I understand this cookie notice
Marks Paneth uses cookies to provide a customized experience to our website visitors, including identifying interests, remembering preferences and providing security. Marks Paneth also uses third-party services to track usage and create website statistics. By continuing to browse this site, you consent to the use of cookies. However, you may change your browser's cookie settings at any time.
I understand this cookie notice

Projections are In: Will Taxpayers in High-Tax States Really Lose Out under the New Tax Law?

By Kurt S. Kiess  |  June 15, 2018

Projections are In: Will Taxpayers in High-Tax States Really Lose Out under the New Tax Law?

With half of the year already behind us, many taxpayers are looking ahead to their 2018 taxes and wondering how their tax situations will change under the new tax law. Much of this curiosity stems from the limitation of the state and local tax deduction to $10,000 (including real estate). Anyone who owns a house and lives in a state with income taxes will lose this tax deduction in 2018.

The media and political pundits have widely predicted that homeowners in high-tax states, such as New York, New Jersey and California, would be negatively impacted by the limitation of the state and local tax deduction and begin to migrate out of these states. 

As I began to run 2018 projections for my clients in these states, however, the outlook wasn’t nearly as bleak as it originally appeared.

Impact of the State & Local Tax Deduction Limitation

To understand the impact of the limitation on state and local taxes, one must understand the Alternative Minimum Tax (AMT) enacted in 1970. At that time, very few people were affected by this mandatory alternative to the standard federal income tax that is imposed on high-net-worth individuals. Even when I started my public accounting career in 1986, AMT still only affected the very rich with complex tax shelters and other such preferences.

With each passing year, however, more and more people became subject to the AMT due to changes in the tax rates and other factors. By 2017, most of my clients were subject to AMT. As such, they did not qualify for the full deduction of their state and local taxes or miscellaneous itemized deductions.   

When details of the Tax Cuts and Jobs Act started to come out in late 2017, I must have received 200 calls from clients who wanted to prepay their 2018 real estate taxes before the limitation took effect. That is, until I informed them it was a moot point because they were subject to AMT and ineligible for the deduction in the first place.

Then came the 2017 tax season and I began to project what the 2018 tax year would look like for some of my clients. Assuming the same income in 2018 as 2017, I started with the following scenario: a family of four living on Long Island with wages of $450,000, a mortgage, real estate and a vacation home with its own mortgage and real estate taxes. To my surprise, this particular taxpayer will save $14,000 of taxes in 2018!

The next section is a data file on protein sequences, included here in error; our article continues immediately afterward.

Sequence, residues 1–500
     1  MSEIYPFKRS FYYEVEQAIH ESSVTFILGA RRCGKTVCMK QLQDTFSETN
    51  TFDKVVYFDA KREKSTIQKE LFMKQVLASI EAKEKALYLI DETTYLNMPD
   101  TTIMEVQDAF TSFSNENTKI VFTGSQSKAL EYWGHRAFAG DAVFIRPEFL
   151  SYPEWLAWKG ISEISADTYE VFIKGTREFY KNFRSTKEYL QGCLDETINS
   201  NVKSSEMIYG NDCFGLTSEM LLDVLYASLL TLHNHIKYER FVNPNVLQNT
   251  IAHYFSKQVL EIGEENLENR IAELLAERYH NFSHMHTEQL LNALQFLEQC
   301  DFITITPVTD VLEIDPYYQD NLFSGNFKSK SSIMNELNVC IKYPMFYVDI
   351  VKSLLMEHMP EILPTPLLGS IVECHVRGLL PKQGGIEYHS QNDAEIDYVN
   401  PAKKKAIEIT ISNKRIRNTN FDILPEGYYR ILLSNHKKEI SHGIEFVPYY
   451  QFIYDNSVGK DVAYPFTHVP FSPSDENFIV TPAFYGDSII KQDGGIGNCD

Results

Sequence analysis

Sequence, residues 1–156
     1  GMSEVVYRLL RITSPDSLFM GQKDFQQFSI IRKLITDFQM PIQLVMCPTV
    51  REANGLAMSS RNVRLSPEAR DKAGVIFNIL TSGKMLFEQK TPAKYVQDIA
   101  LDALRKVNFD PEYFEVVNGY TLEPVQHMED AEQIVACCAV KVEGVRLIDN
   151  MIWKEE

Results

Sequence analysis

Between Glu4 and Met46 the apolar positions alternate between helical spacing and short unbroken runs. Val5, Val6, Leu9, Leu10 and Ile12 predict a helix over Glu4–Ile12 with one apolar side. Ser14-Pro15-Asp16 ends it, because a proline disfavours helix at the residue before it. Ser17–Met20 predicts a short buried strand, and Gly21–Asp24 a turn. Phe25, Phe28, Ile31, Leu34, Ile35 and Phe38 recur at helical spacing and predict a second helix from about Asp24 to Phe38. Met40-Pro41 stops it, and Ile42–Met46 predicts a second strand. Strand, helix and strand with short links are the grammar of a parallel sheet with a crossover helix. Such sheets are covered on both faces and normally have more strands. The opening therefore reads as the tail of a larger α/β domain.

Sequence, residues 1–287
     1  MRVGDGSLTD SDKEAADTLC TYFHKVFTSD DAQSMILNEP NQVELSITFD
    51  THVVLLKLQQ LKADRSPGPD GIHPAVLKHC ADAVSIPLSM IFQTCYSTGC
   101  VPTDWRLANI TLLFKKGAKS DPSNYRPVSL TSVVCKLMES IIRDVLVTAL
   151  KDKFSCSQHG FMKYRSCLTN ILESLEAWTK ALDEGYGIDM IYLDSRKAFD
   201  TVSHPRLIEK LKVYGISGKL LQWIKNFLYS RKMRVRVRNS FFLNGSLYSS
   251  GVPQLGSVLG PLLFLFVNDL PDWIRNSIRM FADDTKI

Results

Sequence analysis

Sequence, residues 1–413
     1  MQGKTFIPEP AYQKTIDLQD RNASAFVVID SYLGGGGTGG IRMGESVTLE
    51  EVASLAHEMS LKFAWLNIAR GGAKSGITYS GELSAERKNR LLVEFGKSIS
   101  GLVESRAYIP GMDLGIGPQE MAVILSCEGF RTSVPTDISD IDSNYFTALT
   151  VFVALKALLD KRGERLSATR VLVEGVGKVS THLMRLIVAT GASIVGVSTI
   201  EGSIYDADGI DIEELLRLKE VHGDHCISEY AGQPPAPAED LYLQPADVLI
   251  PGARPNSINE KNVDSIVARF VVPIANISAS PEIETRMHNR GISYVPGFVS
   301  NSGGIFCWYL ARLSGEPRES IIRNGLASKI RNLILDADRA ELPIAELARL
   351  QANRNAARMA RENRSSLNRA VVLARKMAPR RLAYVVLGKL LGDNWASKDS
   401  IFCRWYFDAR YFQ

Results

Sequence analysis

Below is a sample of the average savings I projected for many other clients:

Adjusted Gross Income

Average Savings

Below $50,000 

$104

Between $50,001 and $100,000

$681

Between $100,001 and $300,000

$1,301

Between $300,001 and $500,000 

$11,001

Between $500,001 and $750,000 

$5,085

The above results were obtained from a sampling of 3,800 taxpayers who live in high-tax states.

Impact on Highest Earners

Clearly, what the media predicted in December is not cut and dry – with some exceptions. Someone making more than $750,000 and living in a high-tax state will pay more taxes. That is, unless they are a business owner of a flow-through entity with many employees.

It is also worth noting that a taxpayer whose income is over $750,000 and who receives business income (S-Corp or LLC) will benefit from the reduced rates for business owners (20%), and some of these taxpayers will also realize a net tax savings, compared to 2017.*

For the individual who is an employee and makes over $750,000, the news is not so good. This person most likely will be paying more taxes, as evidenced by my projections done on the same sample as above: 

Adjusted Gross Income

Average Due

Between $750,001 and $1,000,000

$1,104

Between $1,000,001 and $3,000,000

$16,192

Between $3,000,001 and $5,000,000

$51,852

If you live in New York City and make over $750,000, the news is even worse.  First, these higher earners were not subject to AMT prior to 2018, so the reduction of their state and local taxes to $10,000 has a much larger negative impact. Secondly, these taxpayers are more negatively impacted due to the extra taxes paid to NYC.

Obviously, many factors go into determining whether a taxpayer will save more or owe more under the Tax Cuts and Jobs Act of 2017. Consult with your Marks Paneth tax advisor – the answer may surprise you!                                                                                                                                        

*The above savings do not consider the additional benefits related to depreciation for business.

SUCCESS IS PERSONAL Click here to learn more about our brand

About Kurt S. Kiess

Kurt S. Kiess, CPA, is a Partner at Marks Paneth LLP. He has a broad background in the audit and tax aspects of his profession. Mr. Kiess concentrates on serving clients in the real estate, retail, insurance and manufacturing industries. With a public accounting background spanning more than 30 years, Mr. Kiess was a Partner at Marks Shron & Company when it combined with Paneth, Haber and Zimmerman LLP to form today's firm. He has developed... READ MORE +


Upcoming Events